Published Friday, September 13th, 2013
Wayne State College was ranked in this year’s U.S. News and World Report annual college guide, the Washington Monthly College Guide and Rankings, and Colleges of Distinction.
Wayne State College is the only public college or university in Nebraska to receive recognition in 2013's U.S. News and World Report annual college guide, the Washington Monthly College Guide and Rankings, and Colleges of Distinction. This is the second consecutive year the college has achieved these honors.
Wayne State ranks 21st among public universities in the Midwest, and 72nd among all regional universities, both public and private, in the U.S. News rankings. Wayne State was 32nd among regional public universities and 88th overall last year.
Washington Monthly awarded Wayne State the highest overall score of any public institution in Nebraska, with the college ranked second among all public and private schools in the state. The college also ranked second for community service participation and for the quality of its service staff, courses and financial aid support in Nebraska among public and private institutions. Wayne State ranks 116th out of 684 master’s universities in the U.S.
“Obviously, rankings are a slippery subject, yet one we must grapple with each year in higher education,” said Wayne State President Curt Frye. “Ideally, prospective students and their parents will conduct their own research to find the best college to suit their desire to lay the groundwork for their career. Rankings can, however, provide students with a place to start in the search process and serve as an important indicator for the college in relation to its peers.”
Wayne State’s ranking in U.S. News places the college second among public institutions and fourth among both public and private schools in Nebraska. The college ranks third among the 16 schools in the Northern Sun Intercollegiate Conference in which it competes in Division II athletics.
Other benchmarks to note among the U.S. News rankings data: Wayne State’s average alumni giving rate is 14 percent (only 18 out of nearly 150 schools had a higher giving rate); Wayne State is the only school in the Midwest region to report a 100 percent acceptance rate; 44 percent of WSC classes have less than 20 students; and the college’s freshman retention rate is 68 percent.
“The college clearly delivers satisfaction, access and individual attention,” Frye said. “These factors and more contribute greatly to our ability to fulfill our mission of teaching excellence, student success and regional service. A tremendous amount of the credit belongs to Wayne State’s faculty and staff for their invaluable teaching and support.”
Washington Monthly, founded in 1969, rates schools based on their contribution to the public good in three broad categories: social mobility (recruiting and graduating low-income students), research (producing cutting-edge scholarship and PhDs), and service (encouraging students to give something back to their country).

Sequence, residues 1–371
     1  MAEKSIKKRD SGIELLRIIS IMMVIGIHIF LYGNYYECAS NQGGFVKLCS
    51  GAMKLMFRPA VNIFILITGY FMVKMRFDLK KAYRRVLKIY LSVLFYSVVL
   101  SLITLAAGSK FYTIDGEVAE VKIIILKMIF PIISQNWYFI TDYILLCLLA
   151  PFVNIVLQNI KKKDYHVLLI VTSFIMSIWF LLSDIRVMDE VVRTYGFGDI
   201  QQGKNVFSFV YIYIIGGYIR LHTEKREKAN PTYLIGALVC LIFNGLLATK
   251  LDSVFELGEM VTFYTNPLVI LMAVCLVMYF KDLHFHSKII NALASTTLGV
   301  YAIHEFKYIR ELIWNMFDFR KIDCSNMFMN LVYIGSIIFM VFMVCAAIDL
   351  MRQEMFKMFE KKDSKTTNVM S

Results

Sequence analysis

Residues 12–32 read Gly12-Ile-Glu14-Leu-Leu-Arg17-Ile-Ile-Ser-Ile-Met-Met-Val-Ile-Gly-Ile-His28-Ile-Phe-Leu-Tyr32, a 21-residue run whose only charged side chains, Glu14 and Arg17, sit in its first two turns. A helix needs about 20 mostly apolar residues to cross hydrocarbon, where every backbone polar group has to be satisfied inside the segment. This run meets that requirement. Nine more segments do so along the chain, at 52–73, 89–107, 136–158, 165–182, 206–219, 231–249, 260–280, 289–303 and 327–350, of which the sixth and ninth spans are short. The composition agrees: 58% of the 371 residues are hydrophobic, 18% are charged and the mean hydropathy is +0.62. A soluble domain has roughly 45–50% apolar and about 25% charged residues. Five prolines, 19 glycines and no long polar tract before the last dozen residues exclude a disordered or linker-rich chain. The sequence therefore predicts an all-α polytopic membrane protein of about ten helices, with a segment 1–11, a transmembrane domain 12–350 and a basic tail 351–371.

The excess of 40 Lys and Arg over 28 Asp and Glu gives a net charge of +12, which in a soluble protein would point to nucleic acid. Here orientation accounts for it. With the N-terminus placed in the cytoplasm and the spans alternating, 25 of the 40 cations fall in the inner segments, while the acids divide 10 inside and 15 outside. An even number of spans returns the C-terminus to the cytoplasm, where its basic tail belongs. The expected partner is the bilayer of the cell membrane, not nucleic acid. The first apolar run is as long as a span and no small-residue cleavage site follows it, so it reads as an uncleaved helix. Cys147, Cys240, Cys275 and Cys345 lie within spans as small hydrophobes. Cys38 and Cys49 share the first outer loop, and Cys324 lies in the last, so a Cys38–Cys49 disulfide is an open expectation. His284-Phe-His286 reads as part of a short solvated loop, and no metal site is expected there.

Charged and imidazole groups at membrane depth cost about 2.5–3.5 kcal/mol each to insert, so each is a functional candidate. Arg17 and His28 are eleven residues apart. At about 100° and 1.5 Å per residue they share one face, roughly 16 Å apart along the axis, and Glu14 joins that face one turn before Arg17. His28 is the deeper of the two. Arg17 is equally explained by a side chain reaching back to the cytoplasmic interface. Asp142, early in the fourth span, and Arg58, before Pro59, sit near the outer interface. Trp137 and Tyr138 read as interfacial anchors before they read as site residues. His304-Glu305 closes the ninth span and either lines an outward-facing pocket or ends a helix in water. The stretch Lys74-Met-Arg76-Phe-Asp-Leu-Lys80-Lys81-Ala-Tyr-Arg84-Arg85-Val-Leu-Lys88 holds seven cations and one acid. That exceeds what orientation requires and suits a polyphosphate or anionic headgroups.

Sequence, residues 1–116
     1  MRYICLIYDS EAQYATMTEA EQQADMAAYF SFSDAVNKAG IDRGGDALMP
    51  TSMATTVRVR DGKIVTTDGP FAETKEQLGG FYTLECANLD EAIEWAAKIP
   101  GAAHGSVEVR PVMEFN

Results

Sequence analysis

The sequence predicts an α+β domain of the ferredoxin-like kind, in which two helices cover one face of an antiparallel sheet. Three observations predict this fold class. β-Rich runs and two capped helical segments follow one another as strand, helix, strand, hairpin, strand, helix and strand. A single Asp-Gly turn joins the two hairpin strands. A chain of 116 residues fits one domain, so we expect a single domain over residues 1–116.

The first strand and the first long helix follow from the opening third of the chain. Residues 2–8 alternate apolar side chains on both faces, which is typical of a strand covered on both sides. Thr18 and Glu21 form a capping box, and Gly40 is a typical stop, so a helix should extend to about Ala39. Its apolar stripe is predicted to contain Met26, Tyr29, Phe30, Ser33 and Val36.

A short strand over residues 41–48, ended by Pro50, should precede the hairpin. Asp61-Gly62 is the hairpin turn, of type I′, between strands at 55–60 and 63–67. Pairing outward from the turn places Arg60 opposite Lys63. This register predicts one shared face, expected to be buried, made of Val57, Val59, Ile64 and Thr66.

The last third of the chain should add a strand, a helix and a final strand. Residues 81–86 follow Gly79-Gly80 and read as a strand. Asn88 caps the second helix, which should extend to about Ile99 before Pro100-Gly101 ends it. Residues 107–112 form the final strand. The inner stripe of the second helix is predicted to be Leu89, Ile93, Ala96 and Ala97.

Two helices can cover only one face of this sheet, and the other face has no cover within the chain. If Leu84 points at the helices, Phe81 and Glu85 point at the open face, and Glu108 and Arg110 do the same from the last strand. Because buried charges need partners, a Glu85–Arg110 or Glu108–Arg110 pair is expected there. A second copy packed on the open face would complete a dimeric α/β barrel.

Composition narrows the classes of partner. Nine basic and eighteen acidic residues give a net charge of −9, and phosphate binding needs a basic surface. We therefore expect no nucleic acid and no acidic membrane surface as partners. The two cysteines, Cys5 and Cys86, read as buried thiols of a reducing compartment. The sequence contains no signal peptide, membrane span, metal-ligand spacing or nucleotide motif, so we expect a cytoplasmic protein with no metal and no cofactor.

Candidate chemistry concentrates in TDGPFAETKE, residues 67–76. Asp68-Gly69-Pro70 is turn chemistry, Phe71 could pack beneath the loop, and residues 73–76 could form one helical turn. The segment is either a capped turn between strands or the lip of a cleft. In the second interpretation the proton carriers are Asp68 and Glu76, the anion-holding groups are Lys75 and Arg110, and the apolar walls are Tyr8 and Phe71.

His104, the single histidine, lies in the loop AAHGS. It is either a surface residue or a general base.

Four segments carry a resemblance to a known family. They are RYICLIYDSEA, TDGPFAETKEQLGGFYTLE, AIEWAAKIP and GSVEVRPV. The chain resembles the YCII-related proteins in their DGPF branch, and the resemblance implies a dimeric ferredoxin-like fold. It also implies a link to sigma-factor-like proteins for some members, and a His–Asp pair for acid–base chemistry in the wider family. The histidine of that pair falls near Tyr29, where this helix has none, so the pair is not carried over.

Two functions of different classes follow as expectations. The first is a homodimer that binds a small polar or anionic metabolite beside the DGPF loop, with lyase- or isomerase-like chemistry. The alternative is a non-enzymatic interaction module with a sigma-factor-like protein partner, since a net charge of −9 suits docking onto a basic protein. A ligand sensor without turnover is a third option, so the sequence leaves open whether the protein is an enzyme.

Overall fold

“Unlike U.S. News & World Report and similar guides, this one asks not what colleges can do for you, but what colleges are doing for the country,” according to Washington Monthly press materials. “Are they educating low-income students, or just catering to the affluent? Are they improving the quality of their teaching, or ducking accountability for it? Are they trying to become more productive—and if so, why is average tuition rising faster than health care costs? Every year we lavish billions of tax dollars and other public benefits on institutions of higher learning. This guide asks: Are we getting the most for our money?”
“With so much emphasis being placed upon access, accountability and cost in the national debate over higher education, we are understandably proud to rank so highly in Washington Monthly,” President Frye said. “The rankings confirm for us what we know here in Wayne: We are outstanding stewards of the trust and support placed in us by the state of Nebraska and its students. There exists little room for doubt about the excellence of our programs or our commitment to ensuring Nebraska students have a high quality, low cost option for a college education.”
Colleges of Distinction is a college guide with a unique approach. Instead of looking for the richest or the most famous schools, the guide asks which colleges are the best places to learn, to grow, and to succeed.
“The goal of Colleges of Distinction is to provide students, counselors, and parents with information about schools that excel in these key areas,” according to its website. “We describe schools that take a holistic approach to admissions decisions, that consistently excel in providing undergraduate education, and that have a truly national reputation.”
A “College of Distinction” is nationally recognized by education professionals as an excellent school, strongly focused on teaching undergraduates, home to a wide variety of innovative learning experiences, an active campus with many opportunities for personal development, and highly valued by graduate schools and employers for its outstanding preparation.
“These three college guides provide a clear, comprehensive picture of where the college stands and the foundation upon which a Wayne State education is built,” President Frye said. “We are a regional college of distinction.”